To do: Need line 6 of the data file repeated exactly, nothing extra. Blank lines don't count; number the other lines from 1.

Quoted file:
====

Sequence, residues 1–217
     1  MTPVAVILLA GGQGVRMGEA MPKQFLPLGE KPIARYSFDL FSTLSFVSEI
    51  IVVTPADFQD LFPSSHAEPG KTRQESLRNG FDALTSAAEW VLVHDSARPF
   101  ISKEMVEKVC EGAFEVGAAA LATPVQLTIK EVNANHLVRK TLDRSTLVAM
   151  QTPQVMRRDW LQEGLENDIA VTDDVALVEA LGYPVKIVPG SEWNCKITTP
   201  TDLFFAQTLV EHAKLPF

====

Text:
   201  TDLFFAQTLV EHAKLPF